Wednesday, May 18, 2016

HCV Next - Chipping Away at Medicaid Restrictions to DAA Coverage

HCV NEXT May Issue

Chipping Away at Medicaid Restrictions to DAA Coverage

"HCV Next" offers information on a range of topics, which include diagnosis, new combination therapies, side effects, drug/drug interaction, guidelines, practice management issues, to name a few.

The following articles appeared in the May print edition of HCV NEXT, provided online at Healio.

Table of Contents

5 Questions
A Conversation with Anthony Martinez, MD
Cover Story
In this issue, HCV Next asks five questions of Anthony Martinez, MD, clinical associate professor at Jacobs School of Medicine and Biomedical Sciences at University at Buffalo.

Cover Story
A recent Notice from the Centers for Medicare and Medicaid Services outlined policies surrounding coverage and access to hepatitis C drugs for Medicaid beneficiaries. The authors were sympathetic to ongoing concerns about the high cost of direct-acting antiviral therapies and expressed cautious optimism that market forces will ultimately drive those costs down.

With more than 10,000 attendees and a record-breaking number of presentation submissions, 2016’s International Liver Congress offered much support of our current knowledge of hepatitis C virus along with small, ground breaking studies in areas of need.

Meeting News Coverage
Liver Societies Pledge Solidarity in the Elimination of Viral Hepatitis
“The joint statement I have just received is groundbreaking and constitutes a pivotal movement. This conference will be remembered for when elimination of viral hepatitis was embraced,” Gottfried Hirnschall, MD, MPH, director of the HIV/AIDS department and global hepatitis program at the World Health Organization, said during the general session. “This means that the thousands of hepatologists, clinicians and experts who are members of the four organizations will be ambassadors of eliminating hepatitis in your own countries.”
The recommended guidelines are geared toward policy-makers in low- and middle-income countries who formulate country-specific treatment guidelines and who plan infectious disease treatment programs and services, as well as clinicians responsible for providing treatment, according to the guidelines. They are intended to promote the “scale-up of HCV treatment”, more specifically among people in low- and middle-income countries, where very few have access to these new treatments.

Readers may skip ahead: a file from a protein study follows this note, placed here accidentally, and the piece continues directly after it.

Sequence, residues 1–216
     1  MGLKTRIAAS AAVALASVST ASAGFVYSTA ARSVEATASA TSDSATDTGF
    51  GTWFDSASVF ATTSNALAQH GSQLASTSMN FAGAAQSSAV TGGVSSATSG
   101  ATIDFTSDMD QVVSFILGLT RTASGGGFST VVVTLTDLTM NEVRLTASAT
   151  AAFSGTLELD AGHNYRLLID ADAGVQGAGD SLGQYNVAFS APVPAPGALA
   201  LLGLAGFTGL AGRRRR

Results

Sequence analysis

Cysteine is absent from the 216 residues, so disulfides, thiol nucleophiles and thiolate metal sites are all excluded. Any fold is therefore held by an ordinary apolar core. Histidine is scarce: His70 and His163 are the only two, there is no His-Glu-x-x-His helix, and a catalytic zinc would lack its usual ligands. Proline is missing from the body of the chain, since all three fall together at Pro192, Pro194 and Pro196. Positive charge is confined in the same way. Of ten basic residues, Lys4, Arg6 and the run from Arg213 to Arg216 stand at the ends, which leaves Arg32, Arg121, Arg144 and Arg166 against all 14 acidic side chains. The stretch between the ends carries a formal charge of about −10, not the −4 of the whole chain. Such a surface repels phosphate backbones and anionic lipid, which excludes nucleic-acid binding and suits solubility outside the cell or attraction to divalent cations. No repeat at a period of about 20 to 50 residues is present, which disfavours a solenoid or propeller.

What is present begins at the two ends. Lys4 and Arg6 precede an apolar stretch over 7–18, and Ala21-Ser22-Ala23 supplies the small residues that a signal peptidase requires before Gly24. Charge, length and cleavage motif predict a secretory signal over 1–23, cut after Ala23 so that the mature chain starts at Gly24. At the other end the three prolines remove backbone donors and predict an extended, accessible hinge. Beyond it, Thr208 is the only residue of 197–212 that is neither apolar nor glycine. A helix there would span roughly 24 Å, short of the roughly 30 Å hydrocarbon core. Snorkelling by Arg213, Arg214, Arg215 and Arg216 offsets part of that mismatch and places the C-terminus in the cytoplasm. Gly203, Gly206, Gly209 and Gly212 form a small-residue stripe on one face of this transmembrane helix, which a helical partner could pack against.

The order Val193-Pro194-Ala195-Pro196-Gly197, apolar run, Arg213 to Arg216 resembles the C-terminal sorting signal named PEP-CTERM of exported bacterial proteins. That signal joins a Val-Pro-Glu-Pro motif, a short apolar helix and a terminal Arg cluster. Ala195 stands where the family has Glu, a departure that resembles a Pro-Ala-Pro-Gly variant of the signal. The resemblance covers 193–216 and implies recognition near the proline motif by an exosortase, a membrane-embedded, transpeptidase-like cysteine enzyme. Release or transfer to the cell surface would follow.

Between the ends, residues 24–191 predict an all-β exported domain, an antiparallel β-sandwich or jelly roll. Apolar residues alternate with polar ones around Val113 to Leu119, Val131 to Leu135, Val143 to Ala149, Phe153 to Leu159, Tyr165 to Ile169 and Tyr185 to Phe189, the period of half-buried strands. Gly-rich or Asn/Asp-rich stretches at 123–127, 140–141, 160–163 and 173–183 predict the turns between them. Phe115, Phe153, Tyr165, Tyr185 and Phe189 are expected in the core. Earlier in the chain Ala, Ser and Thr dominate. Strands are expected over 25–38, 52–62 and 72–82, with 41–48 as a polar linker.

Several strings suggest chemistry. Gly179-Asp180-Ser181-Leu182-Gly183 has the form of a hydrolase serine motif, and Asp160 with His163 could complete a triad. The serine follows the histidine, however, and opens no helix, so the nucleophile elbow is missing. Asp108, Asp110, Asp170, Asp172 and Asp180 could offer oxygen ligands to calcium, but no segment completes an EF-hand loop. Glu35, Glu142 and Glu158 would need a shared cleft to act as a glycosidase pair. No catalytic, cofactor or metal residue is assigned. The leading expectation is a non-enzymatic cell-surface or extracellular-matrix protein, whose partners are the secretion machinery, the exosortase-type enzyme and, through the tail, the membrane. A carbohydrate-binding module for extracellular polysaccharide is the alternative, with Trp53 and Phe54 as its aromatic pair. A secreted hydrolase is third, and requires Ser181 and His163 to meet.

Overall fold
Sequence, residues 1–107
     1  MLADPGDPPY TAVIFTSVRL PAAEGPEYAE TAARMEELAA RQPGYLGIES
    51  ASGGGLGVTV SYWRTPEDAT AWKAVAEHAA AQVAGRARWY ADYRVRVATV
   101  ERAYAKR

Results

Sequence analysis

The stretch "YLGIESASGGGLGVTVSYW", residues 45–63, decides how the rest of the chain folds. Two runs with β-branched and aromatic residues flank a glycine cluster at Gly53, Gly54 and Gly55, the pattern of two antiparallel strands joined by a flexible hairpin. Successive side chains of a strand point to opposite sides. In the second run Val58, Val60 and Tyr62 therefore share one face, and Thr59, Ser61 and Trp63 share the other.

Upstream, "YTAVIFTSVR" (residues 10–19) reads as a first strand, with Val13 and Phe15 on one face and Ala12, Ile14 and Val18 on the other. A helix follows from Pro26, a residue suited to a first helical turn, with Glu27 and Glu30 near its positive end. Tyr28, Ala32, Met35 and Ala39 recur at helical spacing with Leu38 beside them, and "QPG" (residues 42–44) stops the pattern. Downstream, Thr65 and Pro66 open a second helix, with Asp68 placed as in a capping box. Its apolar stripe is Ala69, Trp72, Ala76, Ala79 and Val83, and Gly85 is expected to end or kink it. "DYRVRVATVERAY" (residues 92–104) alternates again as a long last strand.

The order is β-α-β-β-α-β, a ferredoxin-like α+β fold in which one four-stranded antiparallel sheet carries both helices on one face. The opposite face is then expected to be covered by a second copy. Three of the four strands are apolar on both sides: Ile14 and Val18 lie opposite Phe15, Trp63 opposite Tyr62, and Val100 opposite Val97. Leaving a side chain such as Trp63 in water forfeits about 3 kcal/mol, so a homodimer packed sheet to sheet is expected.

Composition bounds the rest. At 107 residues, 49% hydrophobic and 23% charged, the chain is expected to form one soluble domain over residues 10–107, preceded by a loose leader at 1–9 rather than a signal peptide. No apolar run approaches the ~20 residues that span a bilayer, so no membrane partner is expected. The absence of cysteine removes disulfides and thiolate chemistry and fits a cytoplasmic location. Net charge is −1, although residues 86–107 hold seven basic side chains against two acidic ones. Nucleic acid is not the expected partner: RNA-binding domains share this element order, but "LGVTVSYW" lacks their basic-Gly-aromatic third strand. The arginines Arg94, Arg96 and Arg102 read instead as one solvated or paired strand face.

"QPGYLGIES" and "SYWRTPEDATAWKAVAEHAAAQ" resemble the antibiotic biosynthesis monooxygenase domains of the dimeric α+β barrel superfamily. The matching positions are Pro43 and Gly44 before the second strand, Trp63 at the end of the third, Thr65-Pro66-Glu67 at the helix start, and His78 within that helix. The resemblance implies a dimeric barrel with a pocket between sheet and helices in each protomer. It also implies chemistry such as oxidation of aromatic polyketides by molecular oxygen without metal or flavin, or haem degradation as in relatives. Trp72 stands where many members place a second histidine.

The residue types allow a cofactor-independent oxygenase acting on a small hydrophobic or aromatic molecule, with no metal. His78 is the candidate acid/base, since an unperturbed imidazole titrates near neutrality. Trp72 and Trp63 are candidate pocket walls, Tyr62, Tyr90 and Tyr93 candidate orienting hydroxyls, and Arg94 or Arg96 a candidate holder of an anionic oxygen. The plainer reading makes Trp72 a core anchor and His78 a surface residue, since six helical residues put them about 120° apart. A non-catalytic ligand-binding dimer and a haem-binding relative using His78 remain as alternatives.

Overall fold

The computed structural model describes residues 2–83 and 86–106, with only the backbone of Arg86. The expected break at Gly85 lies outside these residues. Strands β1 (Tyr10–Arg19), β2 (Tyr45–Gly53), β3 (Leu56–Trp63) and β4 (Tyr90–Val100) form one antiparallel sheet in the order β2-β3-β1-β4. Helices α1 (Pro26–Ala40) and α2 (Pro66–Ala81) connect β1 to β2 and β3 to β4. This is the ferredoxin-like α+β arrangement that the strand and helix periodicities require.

The Big Picture
Non-alcoholic fatty liver disease is one of the most common causes of liver disease in developed countries with an estimated prevalence of 30% and 33% in the United States and European populations, respectively. After excluding significant alcohol consumption and other secondary causes of steatosis (ie, medications), NAFLD can be defined by the presence of hepatic steatosis identified by either imaging or histology.

HCV Next board members and experts in attendance offered varying viewpoints on the data presented. Co-Chief Medical Editor, Ira M. Jacobson, MD, chair of the department of medicine at Mount Sinai Beth Israel Medical Center in New York City; Zobair Younossi, MD, MPH, chairman of the department of medicine, Inova Fairfax Hospital, and vice president for research of Inova Health System; Eric J. Lawitz, MD, vice president of scientific and research development at The Texas Liver Institute and clinical professor of medicine at the University of Texas Health Science Center; and Jordan J. Feld, MD, MPH, associated professor of medicine and research director of gastroenterology at the Toronto Centre for Liver Disease and HCV Next Editorial Board member shared their insights into the most compelling data and topics discussed at this year’s meeting.

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